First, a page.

As concerns import operations, the role of the CIS member countries remains an important one in terms of providing Russia with foodstuffs. Thus, the share of white sugar imports from these countries reached 80 percent while their volumes increased by more than two times since the last year. There was also observed an increase in imports of grain, meat, butter. At the same time, a trend to purchase fewer consumer goods in countries within the former Soviet Union in connection to availability of cheaper similar products of quality made in the West manifests itself.
The Customs Union of Russia, Byelorussia and Kazakhstan which was established in 1995 and faces a number of objective difficulties and contradictions caused in the first turn by differences in levels of development and directions of reforms. The Intergovernmental Economic Committee which at last started to perform its functions in 1995 still lacks supranational authority; unsettled problems of mutual payment arrears prevent activities of the Payment Union.
Prospects of foreign trade developments within the CIS cannot be estimated in simple terms. The Commonwealth's objective orientation towards integration faces grave political and economic problems. It is probable that in the beginning of next year a negative trade balance with neighboring countries will remain, in particular due to further decline in export of fuel and energy products.
On the whole, the Commonwealth's future, undoubtedly, will depend on the political situation in Russia. However, the experience of the last few years demonstrates that Russia's partners within the CIS prefer to act according to their economic interests rather than to political rhetorics. The CIS member countries are interested in an economic cooperation with Russia exactly because it has progressed relatively further on the way of reforms. That is why slackening pace of the reform or a complete stop of the transformation may damage trends towards integration to such extent that any political declarations on closer unity and cooperation will be overweighed.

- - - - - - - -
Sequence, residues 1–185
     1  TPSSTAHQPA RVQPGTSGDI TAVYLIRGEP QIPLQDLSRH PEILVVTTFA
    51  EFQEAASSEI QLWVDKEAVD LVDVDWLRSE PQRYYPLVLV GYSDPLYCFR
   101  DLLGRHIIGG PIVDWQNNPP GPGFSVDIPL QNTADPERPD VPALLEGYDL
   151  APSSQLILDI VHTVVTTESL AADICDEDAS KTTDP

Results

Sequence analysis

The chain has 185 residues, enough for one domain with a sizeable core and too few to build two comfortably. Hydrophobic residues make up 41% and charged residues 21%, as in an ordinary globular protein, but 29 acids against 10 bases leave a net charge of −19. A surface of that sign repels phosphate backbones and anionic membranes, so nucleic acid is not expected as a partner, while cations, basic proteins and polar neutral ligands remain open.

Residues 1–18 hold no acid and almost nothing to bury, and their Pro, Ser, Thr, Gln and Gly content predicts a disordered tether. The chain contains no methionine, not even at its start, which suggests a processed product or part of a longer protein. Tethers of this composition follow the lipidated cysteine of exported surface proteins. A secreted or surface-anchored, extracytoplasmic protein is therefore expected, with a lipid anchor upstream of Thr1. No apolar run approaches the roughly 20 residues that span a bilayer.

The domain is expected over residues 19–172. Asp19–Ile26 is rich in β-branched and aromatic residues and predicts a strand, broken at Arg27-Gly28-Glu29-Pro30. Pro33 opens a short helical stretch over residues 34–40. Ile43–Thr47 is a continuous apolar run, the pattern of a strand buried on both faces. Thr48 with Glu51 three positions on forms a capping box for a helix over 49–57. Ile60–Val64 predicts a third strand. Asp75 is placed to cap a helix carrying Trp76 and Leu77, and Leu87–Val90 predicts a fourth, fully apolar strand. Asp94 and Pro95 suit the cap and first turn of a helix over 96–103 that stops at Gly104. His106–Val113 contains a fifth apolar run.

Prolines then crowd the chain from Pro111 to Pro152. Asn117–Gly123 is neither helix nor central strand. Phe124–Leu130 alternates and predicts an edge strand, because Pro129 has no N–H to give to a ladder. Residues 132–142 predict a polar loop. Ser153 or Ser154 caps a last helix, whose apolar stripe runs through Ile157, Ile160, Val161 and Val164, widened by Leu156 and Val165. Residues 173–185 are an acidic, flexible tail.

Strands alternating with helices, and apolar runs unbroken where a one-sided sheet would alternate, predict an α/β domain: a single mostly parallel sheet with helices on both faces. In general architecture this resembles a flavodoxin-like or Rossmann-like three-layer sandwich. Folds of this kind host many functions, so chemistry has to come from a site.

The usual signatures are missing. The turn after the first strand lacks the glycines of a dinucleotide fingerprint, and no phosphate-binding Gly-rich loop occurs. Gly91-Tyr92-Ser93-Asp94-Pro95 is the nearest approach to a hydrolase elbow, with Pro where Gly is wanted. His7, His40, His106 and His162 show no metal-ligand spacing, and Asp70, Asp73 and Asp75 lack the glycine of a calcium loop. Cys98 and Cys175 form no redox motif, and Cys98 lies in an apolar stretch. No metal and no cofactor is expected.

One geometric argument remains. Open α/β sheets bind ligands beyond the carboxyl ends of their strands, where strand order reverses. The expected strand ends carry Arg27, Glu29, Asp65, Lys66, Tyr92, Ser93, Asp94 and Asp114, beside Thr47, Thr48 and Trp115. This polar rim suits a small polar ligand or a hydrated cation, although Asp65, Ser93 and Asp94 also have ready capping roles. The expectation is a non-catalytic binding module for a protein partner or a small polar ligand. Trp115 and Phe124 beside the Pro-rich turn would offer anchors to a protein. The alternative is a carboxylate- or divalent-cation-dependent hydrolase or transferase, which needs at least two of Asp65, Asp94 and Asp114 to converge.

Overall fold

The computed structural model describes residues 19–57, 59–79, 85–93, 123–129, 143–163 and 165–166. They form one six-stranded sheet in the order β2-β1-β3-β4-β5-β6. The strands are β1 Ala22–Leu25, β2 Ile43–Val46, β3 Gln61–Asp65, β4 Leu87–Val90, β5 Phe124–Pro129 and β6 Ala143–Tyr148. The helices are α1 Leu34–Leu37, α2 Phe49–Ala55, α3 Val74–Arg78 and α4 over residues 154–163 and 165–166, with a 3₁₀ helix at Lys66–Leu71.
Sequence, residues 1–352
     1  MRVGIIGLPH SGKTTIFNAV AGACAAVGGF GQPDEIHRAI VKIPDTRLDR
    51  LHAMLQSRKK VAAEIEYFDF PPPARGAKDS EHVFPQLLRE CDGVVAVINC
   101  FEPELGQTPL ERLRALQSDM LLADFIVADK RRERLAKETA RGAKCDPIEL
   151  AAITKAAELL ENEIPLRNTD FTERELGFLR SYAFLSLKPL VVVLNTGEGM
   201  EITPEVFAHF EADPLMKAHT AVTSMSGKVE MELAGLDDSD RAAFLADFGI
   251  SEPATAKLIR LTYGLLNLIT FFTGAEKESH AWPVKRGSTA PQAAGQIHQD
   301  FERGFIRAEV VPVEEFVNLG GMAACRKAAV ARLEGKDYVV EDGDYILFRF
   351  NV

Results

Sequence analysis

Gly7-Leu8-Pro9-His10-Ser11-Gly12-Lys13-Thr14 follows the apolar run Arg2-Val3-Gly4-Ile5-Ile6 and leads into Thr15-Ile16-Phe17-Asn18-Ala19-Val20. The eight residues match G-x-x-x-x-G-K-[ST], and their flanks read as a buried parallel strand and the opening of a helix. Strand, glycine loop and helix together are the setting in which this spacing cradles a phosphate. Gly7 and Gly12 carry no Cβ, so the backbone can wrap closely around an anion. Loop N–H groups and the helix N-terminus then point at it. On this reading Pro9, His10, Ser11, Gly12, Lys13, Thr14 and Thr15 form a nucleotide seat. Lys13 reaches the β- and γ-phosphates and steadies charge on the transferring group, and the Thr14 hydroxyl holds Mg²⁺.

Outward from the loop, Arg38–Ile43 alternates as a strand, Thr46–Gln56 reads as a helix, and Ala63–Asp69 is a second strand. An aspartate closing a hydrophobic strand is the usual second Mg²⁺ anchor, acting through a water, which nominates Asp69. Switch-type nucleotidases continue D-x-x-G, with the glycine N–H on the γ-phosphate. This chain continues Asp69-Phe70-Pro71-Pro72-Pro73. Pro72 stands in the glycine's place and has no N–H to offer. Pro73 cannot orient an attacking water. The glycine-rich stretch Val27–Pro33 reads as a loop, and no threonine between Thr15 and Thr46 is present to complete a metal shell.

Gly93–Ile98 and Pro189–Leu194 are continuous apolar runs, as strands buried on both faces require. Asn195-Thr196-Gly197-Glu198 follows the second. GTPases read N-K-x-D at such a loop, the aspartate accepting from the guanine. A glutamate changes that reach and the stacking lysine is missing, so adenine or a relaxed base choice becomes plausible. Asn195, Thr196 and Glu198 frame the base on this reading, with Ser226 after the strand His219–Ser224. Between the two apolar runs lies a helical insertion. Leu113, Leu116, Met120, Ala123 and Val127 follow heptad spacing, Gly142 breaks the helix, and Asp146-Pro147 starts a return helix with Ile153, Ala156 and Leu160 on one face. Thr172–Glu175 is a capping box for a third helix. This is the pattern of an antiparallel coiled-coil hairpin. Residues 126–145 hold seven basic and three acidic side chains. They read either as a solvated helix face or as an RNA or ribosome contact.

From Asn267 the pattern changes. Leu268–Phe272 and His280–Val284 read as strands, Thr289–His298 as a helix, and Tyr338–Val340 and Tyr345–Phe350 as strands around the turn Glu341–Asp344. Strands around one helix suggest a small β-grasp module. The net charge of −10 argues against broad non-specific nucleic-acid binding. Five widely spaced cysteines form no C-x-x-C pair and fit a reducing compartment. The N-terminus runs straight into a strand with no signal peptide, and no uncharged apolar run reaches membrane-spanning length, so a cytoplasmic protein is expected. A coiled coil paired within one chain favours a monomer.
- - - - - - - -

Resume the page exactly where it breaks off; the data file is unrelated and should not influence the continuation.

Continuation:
Balance of Payments
The balance of payments reflecting Russian residents' activities in the external sector reveals the following key facts.
In 1995, the strengthening ruble did not hold back the growth of trade surplus: exports increased at a greater rate than imports.
As during previous periods import of services exceeded their exports, that being primarily attributed to developing tourism to countries outside the former Soviet Union. Thus, import of tourist services exceeded imports by $ 5366 million. As a result, current accounts balance was by 43 percent less than the balance of foreign trade. Operations of governmental agencies prevailed in the capital account. External debt grew due both to new borrowing and deferments and arrears in debt servicing.
Non-state sector operations were mostly represented by commercial loans, both in terms of merchandise exports with deferred payments and advance payments. As concerns direct and portfolio investment, they remained at an insignificant level.
Growing reliance of residents on ruble was shown by somewhat decreasing amounts of cash foreign exchange.
As a rule, commercial structures accounted for loans granted to non-residents. The main form of such loans was export loans of enterprises.
Non-repatriation of export proceeds became an important factor destabilizing the financial sphere. In January through September of 1995 it reached $ 5.6 billion, as the State Customs Committee (GTK) reports. This figure is comparable to all foreign loans drawn by the state in the same period.
The amount of payments due to disburse the official external debt exerted more pressure on the Federal budget as compared with the same period of the last year. While in 9 months of 1994 96 percent of actual payments to disburse the official external debt were financed at the expense of external sources and only $ 134 million were received from internal sources, in 9 months of 1995 the figures made 89.5 percent and $ 590 million accordingly.